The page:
America's leadership and prestige depend, not merely upon our unmatched material
progress, riches and military strength, but on how we use our power in the interests of
world peace and human betterment.
III.
Throughout America's adventure in free government, our basic purposes have been to
keep the peace; to foster progress in human achievement, and to enhance liberty,
dignity and integrity among people and among nations. To strive for less would be
unworthy of a free and religious people. Any failure traceable to arrogance, or our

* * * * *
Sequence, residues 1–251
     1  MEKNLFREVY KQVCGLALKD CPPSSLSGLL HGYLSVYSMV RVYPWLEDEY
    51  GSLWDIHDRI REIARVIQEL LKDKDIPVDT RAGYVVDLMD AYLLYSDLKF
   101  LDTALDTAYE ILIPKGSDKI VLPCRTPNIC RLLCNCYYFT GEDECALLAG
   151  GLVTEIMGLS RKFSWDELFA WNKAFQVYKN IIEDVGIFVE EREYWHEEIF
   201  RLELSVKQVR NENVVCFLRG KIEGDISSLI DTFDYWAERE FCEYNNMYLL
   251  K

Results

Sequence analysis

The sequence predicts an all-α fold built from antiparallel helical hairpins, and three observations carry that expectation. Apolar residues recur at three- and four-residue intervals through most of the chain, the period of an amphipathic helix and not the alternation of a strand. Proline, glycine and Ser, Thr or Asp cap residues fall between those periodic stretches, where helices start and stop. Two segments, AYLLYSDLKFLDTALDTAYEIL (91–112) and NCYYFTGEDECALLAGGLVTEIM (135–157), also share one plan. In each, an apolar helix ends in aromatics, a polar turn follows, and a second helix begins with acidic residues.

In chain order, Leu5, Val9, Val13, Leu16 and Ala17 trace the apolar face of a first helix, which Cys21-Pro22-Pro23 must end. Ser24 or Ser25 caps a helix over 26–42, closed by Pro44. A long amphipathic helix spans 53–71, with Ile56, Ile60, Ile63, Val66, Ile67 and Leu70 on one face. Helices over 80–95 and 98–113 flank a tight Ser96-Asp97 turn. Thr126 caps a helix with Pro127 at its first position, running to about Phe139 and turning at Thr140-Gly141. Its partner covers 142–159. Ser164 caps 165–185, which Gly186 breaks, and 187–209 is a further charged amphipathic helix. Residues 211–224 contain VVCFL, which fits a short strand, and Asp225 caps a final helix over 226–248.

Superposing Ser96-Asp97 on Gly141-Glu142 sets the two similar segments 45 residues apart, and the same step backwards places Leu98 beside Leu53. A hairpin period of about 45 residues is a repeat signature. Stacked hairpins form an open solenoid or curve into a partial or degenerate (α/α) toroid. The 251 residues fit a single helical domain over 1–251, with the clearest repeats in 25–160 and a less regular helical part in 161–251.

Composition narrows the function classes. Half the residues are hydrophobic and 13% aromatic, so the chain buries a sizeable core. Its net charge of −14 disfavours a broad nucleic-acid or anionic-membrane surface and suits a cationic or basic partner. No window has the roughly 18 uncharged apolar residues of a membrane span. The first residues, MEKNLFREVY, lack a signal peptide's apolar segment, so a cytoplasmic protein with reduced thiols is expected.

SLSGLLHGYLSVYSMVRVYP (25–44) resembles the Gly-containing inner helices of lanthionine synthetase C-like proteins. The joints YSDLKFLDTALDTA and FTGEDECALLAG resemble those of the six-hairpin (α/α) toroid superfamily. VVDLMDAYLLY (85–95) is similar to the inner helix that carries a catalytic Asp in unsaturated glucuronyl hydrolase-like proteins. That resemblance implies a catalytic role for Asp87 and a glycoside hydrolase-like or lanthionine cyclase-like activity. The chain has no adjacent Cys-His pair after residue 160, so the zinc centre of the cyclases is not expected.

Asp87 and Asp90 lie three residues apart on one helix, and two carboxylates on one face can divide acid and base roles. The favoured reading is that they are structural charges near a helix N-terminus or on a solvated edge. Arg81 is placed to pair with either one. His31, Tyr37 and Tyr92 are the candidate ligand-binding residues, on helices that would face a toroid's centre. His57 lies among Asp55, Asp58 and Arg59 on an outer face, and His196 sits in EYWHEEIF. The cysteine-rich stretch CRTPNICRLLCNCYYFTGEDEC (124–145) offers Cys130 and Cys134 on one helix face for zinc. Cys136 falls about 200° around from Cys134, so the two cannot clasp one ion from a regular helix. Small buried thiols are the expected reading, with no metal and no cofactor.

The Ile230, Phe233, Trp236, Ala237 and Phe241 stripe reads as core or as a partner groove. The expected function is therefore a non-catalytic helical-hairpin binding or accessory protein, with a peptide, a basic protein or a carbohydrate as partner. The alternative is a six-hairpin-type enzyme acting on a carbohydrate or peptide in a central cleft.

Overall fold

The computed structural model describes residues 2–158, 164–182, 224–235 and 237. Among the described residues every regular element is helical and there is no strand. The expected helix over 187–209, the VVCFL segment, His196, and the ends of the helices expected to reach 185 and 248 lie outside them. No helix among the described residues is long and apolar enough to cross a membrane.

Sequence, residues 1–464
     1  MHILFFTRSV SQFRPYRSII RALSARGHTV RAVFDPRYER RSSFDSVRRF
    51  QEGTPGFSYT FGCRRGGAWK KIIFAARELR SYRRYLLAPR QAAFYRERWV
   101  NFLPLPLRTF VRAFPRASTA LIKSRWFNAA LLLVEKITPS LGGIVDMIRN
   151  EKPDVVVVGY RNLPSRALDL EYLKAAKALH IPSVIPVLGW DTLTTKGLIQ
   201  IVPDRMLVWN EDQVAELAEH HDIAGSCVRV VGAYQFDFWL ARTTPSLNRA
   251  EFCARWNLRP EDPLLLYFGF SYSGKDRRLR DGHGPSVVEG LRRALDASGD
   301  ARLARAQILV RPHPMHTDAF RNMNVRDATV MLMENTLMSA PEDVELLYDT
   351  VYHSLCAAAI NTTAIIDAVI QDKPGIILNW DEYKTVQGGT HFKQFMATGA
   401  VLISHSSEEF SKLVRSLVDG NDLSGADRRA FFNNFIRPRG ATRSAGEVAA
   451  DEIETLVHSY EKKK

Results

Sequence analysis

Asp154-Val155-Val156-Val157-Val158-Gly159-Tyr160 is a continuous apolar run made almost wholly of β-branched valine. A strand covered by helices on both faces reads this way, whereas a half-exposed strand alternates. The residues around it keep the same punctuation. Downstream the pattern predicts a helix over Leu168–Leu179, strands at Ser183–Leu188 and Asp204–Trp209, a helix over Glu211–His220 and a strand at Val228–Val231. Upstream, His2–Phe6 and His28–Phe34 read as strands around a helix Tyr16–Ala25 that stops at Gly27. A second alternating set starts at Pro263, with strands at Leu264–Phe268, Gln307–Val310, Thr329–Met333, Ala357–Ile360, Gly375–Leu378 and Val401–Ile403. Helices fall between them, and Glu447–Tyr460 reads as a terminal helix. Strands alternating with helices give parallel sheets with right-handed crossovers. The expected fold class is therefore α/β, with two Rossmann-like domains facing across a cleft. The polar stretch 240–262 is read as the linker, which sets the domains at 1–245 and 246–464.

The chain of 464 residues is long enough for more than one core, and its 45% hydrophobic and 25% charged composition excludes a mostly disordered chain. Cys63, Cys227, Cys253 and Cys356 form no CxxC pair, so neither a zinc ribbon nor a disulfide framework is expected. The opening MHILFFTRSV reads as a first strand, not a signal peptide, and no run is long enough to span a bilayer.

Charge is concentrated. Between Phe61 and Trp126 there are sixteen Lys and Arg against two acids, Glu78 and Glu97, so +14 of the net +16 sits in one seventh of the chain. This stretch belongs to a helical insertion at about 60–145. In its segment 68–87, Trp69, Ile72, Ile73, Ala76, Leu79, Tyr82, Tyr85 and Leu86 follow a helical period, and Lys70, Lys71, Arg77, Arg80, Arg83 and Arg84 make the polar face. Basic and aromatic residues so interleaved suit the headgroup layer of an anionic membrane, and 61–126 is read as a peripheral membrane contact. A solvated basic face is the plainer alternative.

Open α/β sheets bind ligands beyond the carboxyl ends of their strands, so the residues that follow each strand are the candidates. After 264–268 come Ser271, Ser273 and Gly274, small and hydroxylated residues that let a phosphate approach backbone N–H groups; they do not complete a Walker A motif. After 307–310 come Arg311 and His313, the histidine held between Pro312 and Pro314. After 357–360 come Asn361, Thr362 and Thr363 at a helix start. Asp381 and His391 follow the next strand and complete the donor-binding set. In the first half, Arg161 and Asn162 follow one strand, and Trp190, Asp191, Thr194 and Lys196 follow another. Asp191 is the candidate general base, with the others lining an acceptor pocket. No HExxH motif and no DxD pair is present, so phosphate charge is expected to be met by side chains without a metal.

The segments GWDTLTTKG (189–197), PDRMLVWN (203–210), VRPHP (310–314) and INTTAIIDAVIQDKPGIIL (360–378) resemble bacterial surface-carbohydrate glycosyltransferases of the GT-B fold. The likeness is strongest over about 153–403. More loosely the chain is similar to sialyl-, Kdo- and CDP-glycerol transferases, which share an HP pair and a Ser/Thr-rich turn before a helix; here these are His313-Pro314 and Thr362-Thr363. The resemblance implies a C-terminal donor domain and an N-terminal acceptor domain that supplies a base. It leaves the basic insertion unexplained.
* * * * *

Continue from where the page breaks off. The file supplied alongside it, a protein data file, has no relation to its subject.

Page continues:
lack of comprehension or readiness to sacrifice would inflict upon us grievous hurt
both at home and abroad.
Progress toward these noble goals is persistently threatened by the conflict now
engulfing the world. It commands our whole attention, absorbs our very beings. We